Abstract [en]

    The use of physical objects as manipulable representations of information extends back to the dawn of civilization. Early research efforts toward tangible interfaces appear to have developed in parallel at several institutions. Fishkin has created a framework from the perspective of human-computer interaction, which offers researchers new tools for describing and contrasting tangible interfaces. At an editorial meeting, all papers were discussed at length by the three editors. In some cases, this meant choosing among submissions that were similar in scope, and picking the one that best supported our intentions for the issue. The paper by McNerney takes the Slot Machine as a departing point, and discusses an evolution of education-oriented tangible interface research at the MIT Media Lab. And Binder et al. discuss a series of efforts where tangible interfaces have been integrated into the working environment of students, under the auspices of a European project with partners from several countries.

  • 8.
    Nylander, Stina
    et al.
    RISE, Swedish ICT, SICS, Software and Systems Engineering Laboratory.
    Bylund, Markus
    RISE - Research Institutes of Sweden, ICT, SICS.
    Boman, Magnus
    RISE, Swedish ICT, SICS, Decisions, Networks and Analytics lab.
    Mobile Access to Real-Time Information - The case of Autonomous Stock Brokering2004In: Personal and Ubiquitous Computing, ISSN 1617-4909, E-ISSN 1617-4917, Vol. 8, no 1, p. 5Article in journal (Refereed)
    Abstract [en]

    When services providing real-time information are accessible from mobile devices, functionality is often restricted and no adaptation of the user interface to the mobile device is attempted. Mobile access to real-time information requires designs for multi-device access and automated facilities for the adaptation of user interfaces. We present TapBroker, a push update service that provides mobile and stationary access to information on autonomous agents trading stocks. TapBroker is developed for the Ubiquitous Interactor system and is accessible from Java Swing user interfaces and Web user interfaces on desktop computers, and from a Java Awt user interface on mobile phones. New user interfaces can easily be added without changes in the service logic.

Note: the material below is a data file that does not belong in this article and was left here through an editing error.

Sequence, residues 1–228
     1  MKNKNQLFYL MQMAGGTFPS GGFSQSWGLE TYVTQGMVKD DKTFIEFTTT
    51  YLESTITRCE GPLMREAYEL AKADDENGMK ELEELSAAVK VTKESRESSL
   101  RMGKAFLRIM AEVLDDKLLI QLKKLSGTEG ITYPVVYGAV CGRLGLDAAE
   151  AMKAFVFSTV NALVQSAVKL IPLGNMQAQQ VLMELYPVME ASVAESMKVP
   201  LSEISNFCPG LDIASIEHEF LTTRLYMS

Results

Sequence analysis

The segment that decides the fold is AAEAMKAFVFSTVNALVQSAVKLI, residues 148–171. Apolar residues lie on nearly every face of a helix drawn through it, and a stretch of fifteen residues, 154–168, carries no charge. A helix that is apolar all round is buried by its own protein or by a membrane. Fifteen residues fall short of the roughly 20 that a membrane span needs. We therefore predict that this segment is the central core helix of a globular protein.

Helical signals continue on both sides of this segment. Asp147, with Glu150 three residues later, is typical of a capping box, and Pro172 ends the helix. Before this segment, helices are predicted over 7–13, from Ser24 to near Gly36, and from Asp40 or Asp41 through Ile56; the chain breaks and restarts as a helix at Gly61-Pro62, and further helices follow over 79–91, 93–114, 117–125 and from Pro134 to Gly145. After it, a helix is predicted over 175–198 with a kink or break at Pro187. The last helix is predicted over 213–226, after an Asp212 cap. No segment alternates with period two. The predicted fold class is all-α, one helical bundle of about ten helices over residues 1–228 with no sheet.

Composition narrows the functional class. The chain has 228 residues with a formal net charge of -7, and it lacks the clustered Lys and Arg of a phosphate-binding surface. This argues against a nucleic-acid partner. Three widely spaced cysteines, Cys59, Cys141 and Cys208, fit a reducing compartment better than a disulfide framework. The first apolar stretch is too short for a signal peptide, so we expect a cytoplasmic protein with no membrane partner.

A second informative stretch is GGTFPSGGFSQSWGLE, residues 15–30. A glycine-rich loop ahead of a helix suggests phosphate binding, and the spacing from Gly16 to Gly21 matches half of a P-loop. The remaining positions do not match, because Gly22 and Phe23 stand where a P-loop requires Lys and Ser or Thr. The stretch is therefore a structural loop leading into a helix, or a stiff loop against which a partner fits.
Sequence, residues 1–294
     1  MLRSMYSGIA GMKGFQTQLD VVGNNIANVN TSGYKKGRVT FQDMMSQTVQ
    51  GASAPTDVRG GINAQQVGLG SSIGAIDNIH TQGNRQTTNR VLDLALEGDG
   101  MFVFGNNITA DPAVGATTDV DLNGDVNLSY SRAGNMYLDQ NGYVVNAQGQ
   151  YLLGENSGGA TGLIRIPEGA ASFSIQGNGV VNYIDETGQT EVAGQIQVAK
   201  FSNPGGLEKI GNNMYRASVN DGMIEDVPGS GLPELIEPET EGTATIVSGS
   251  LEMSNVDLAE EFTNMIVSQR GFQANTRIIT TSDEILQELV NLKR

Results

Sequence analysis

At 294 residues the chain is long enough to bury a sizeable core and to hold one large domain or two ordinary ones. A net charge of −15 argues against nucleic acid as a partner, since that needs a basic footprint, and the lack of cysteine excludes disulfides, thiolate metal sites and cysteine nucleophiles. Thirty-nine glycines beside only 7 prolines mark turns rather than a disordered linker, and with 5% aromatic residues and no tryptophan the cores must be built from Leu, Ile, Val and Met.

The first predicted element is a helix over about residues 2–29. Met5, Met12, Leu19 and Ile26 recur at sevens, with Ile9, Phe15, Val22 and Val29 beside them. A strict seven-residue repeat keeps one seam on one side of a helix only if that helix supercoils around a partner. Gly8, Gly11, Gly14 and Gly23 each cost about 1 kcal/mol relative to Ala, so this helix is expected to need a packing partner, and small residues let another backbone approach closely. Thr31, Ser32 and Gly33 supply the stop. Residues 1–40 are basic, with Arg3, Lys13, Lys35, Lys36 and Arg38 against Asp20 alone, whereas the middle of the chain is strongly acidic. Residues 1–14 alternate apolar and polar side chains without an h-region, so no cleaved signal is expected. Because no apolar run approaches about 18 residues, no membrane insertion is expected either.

• 9.
    Nylander, Stina
    et al.
    RISE, Swedish ICT, SICS, Software and Systems Engineering Laboratory.
    Bylund, Markus
    RISE - Research Institutes of Sweden, ICT, SICS.
    Waern, Annika
    RISE, Swedish ICT, SICS.
    Ubiquitous service access through adapted user interfaces on multiple devices2005In: Personal and Ubiquitous Computing, ISSN 1617-4909, E-ISSN 1617-4917, Vol. 9, p. 123-133Article in journal (Refereed)
    Abstract [en]

    The Ubiquitous Interactor (UBI) addresses the problems of design and development that arise from services that need to be accessed from many different devices. In the UBI, a service can present itself with different user interfaces on different devices. This is done by a separation of the user-service interaction and presentation. The interaction is kept the same for all devices, and different presentation information is provided for different devices. This way, tailored user interfaces for many different devices can be created without multiplying the development and maintenance work. In this paper, we describe the design of the UBI, the system implementation, and two services implemented for the system: a calendar service and a stockbroker service.

  • 10. Paiva, Ana
    et al.
    Andersson, Gerd
    Höök, Kristina
    RISE, Swedish ICT, SICS.
    SenToy in fantasyA: designing an affective sympathetic interface to a computer game2002In: Personal and Ubiquitous Computing, ISSN 1617-4909, E-ISSN 1617-4917, Vol. 6, no 5-6, p. 378-389Article in journal (Refereed)
    Abstract [en]